The 1963 Cinerama conversion involved the removal of the front half of the top balcony, the remains of which were hidden aboved a false ceiling. For Cinerama, therefore, only the stalls and first circle were used, with an entirely remodelled interior, mostly using curtained walls and a false ceiling.

garypainter on October 14, 2006 at 10:29 am

I should also add that the spell of dereliction in the 1980s before becoming bingo meant that even the 1960s Cinerama interior had to be replaced, with new splay walls and a simpler false ceiling.

Like Lilli, we recently surveyed the interior, and were dismayed to find that most of the Matcham plasterwork had not survived above the later alterations, as had previously been thought, although the shadow of some decoration is still visible on parts of the ceiling.

We were also unable to get access to the balcony staircase, where some original painted glass survives, as photographed by the Royal Commission on the Ancient and Historical Monuments for Scotland website, here:

View link

The link to our webpage on this cinema, as posted by Lost Memory above, has changed, and you can now find our latest material here:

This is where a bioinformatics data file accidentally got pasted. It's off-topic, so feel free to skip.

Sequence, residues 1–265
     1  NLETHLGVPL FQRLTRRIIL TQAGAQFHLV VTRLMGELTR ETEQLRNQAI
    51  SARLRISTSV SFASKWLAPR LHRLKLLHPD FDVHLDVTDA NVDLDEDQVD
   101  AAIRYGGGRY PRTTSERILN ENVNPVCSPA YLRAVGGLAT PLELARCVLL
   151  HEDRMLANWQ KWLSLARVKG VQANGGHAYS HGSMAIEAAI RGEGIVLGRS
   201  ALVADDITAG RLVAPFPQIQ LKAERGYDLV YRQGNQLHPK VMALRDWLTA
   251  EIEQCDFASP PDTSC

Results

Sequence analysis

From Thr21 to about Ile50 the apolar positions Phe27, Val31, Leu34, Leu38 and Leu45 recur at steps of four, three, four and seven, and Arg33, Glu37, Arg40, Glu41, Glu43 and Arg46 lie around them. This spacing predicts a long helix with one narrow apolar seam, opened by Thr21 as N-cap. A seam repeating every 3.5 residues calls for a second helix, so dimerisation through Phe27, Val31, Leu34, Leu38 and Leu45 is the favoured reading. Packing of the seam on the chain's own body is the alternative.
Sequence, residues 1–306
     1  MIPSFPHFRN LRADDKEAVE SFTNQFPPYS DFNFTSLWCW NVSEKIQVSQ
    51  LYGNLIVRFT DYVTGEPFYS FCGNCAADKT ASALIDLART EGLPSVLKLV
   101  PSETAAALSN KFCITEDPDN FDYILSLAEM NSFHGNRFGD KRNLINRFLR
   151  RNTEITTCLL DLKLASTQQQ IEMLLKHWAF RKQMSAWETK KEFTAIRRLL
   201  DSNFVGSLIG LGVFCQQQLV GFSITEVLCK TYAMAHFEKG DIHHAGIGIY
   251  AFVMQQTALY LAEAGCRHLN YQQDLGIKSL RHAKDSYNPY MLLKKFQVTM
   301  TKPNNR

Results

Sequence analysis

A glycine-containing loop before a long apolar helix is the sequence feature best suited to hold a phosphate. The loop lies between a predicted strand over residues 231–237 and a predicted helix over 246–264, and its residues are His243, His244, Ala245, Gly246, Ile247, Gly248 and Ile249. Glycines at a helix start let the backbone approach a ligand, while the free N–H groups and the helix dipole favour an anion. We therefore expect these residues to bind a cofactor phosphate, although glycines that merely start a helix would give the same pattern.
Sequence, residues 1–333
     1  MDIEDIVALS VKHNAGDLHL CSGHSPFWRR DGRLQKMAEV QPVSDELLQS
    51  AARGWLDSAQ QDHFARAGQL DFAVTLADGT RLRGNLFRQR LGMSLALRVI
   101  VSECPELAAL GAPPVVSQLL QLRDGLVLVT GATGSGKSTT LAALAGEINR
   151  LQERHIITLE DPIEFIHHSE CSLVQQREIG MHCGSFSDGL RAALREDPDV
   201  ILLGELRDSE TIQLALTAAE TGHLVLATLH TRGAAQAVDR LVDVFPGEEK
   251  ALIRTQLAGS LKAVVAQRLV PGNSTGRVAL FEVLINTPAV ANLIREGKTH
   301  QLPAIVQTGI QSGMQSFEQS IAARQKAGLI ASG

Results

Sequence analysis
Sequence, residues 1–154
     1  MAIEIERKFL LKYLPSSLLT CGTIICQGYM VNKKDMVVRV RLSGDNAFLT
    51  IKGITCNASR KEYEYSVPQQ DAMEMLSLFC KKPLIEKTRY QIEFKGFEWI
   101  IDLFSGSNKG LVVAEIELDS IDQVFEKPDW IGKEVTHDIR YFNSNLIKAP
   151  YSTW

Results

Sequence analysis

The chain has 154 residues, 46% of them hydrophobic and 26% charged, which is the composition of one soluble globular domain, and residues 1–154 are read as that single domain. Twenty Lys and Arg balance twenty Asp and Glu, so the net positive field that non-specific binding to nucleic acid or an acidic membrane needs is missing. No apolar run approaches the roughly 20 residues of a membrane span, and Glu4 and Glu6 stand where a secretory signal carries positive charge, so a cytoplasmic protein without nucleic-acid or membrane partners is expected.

View link

As well as the recent survey images, you will also find a 1911 programme, a photograph of the Cinerama interior and a link to a newsreel of the Cinerama opening on the British Pathe website. Keep checking back, as we have also recently been gifted a series of archive images showing the fairly heavy alterations in progress when County Bingo took over in the 80s, including the new walls, floors and ceilings in the auditorium, and the removal of the 1930s projection booth, and these will be added shortly.

Ian on February 21, 2007 at 6:37 am

Another photo of the tower here:–

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Ian on February 1, 2008 at 11:03 am

And a photo of the ABC with the Cinerama title on the front here:–

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Ken Roe
Ken Roe on May 26, 2009 at 3:31 am

A vintage photograph of the ABC Coliseum Cinerama Theatre, taken in October 1963, a month after conversion to Cinerama:
View link

abcman on May 27, 2009 at 10:22 am

The owners of these historic buildings need to be taken to task.This is the second building recently to be allowed to rot and fall prey to serious damage – following Derby Hippodrome.

AdoraKiaOra on June 13, 2009 at 11:40 am

The coliseum was 80% destroyed by an dawn blaze a few weeks ago and it is now expected to be demolished within months.

garypainter on June 14, 2009 at 4:48 am

Now pretty much almost gone, gallery charting the demolition work can be found here:

View link

I can see no reason why the tower and facade couldn’t have been retained other than people taking the lazy, easy option of complete demolition.

terry on May 26, 2016 at 5:23 pm

The opening of the ABC Coliseum Cinerama in 1963:–

At 90' this was the widest Cinerama screen in the UK

PhilipWW on February 25, 2020 at 9:34 am

It showed DOCTOR ZHIVAGO for a long period of time in late 1966, probably into 1967.

Very impressive on its nig screen.